Overall Thoughts: I am glad to see Patricia Arquette in the discussion. My big worry is that Boyhood would have been shut out of awards season due to its early release. However, Arquette definitely deserves recognition for playing the main boy's mother. It was a rather powerful performance through and through. I am also glad to see Emma Stone on here, who helped to center and make Birdman a rather compelling, funny film. Again, not wild about Carmen Ejogo, but I guess she was find in the film. The other two I haven't seen. Still, from those three, it is a great representation of what will likely prevail at the Oscars.

Left to right: Ethan Hawke and Ellar Coltrane

Nightcrawler (Riz Ahmed)
Boyhood (Ethan Hawke)
Love is Strange (Alfred Molina)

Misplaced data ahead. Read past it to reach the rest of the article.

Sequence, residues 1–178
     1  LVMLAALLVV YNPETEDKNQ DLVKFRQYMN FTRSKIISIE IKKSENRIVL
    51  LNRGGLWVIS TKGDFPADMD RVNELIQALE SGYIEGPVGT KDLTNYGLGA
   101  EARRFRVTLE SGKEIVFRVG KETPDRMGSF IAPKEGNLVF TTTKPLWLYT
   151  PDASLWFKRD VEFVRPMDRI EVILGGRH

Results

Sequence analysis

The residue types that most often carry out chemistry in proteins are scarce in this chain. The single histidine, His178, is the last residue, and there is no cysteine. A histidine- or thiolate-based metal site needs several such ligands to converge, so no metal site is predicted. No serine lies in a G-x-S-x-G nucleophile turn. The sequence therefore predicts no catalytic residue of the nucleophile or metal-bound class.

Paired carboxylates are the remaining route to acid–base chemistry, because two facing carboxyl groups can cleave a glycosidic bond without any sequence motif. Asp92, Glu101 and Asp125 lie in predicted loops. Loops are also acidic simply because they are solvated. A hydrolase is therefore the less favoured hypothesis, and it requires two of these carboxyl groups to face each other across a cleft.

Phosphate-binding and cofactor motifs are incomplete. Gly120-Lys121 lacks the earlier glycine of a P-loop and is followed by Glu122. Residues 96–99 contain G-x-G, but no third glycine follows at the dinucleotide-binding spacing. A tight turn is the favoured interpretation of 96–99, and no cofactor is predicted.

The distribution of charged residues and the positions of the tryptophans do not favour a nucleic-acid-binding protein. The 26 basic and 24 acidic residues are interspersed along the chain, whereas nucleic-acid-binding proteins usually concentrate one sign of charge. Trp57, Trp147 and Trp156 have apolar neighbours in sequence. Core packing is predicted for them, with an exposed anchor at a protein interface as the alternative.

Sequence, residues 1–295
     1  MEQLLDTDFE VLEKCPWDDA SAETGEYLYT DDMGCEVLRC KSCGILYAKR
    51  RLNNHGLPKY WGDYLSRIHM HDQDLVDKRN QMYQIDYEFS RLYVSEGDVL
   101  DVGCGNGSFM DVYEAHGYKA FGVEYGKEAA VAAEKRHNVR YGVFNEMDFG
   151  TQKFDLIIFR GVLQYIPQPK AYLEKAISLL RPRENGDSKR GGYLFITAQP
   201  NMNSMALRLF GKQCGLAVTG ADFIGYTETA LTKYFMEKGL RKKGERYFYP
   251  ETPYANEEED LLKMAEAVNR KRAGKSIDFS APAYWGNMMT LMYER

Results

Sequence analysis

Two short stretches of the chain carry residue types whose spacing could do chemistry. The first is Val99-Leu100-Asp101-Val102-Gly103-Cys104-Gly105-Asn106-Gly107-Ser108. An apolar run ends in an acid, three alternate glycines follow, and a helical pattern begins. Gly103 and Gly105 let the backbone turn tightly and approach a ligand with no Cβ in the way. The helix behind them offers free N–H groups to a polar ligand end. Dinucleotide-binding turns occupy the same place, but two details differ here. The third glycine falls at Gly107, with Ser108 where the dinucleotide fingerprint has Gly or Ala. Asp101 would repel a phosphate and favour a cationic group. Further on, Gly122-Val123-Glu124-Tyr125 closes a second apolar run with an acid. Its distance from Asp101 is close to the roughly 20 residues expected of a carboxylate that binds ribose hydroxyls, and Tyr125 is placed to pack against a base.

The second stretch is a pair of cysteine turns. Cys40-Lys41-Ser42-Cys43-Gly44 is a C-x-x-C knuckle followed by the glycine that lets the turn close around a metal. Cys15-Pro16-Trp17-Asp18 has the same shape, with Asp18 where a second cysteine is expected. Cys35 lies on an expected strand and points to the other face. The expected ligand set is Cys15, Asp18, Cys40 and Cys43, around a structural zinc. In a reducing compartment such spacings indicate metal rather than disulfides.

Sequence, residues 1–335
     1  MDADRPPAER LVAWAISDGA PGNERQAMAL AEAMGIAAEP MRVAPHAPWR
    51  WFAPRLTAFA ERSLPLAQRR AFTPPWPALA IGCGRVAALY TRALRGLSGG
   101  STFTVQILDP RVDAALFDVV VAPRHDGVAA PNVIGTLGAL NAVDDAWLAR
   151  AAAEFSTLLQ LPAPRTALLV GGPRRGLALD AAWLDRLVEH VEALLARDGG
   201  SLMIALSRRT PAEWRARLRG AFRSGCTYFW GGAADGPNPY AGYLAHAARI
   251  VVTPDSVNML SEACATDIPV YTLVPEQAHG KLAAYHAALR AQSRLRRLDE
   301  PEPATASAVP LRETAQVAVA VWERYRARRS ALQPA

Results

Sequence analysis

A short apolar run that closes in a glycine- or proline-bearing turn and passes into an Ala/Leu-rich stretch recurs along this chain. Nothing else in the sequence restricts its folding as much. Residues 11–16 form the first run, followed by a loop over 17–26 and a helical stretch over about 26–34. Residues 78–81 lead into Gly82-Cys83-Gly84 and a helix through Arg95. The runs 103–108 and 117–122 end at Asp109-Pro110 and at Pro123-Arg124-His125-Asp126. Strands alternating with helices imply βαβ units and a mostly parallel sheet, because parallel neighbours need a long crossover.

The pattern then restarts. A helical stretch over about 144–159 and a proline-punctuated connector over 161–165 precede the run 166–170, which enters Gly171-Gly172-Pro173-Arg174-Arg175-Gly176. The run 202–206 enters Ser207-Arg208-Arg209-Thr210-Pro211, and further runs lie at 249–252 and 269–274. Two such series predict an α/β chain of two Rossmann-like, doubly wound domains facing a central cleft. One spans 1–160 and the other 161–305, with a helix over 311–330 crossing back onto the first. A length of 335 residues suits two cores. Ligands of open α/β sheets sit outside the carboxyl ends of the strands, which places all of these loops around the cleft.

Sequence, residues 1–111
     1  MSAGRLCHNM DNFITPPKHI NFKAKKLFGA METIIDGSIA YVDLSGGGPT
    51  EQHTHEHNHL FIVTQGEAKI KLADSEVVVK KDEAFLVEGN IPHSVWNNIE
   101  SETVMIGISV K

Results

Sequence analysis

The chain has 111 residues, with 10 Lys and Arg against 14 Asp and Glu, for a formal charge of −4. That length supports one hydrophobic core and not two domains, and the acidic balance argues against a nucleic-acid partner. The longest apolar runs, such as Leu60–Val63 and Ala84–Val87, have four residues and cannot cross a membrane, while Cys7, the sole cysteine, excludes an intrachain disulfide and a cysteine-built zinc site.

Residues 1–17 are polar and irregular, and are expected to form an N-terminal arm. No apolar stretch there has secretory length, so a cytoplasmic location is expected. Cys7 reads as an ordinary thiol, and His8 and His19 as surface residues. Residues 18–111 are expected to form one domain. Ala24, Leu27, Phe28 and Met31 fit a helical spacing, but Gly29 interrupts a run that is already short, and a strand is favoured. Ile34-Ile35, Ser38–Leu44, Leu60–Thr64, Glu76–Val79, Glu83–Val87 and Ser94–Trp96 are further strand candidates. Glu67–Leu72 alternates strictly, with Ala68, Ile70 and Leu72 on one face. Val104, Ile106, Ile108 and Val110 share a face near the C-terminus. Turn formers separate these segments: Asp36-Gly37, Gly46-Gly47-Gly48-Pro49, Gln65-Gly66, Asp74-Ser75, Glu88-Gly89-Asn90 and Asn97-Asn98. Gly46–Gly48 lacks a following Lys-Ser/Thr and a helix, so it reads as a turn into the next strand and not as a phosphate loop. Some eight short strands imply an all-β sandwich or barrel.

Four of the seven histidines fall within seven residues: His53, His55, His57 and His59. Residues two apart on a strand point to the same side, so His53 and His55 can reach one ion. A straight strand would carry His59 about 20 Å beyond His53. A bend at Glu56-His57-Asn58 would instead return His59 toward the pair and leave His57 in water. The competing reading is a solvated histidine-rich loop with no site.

Birdman (Edward Norton)
Whiplash (J.K. Simmons)

Overall Thoughts; With exception to Whiplash, I have seen them all. To start with Boyhood, I want to pose a question: does anyone find it surprising that Ellar Coltrane got shut out of the nominations? He is the one whom the film focused on and made the biggest impact, yet his co-stars are the ones with nominations. I don't have issues with Edward Nortion, who is likely to get an Oscar nomination if this keeps up. I also have been hearing a serious campaign to get J.K Simmons into the Oscar race. If he is as good as you say, I'll take your word on it. 

Scene from A Girl Walks Home Alone at Night

The Immigrant
It Felt Like Love
A Girl Walks Home Alone at Night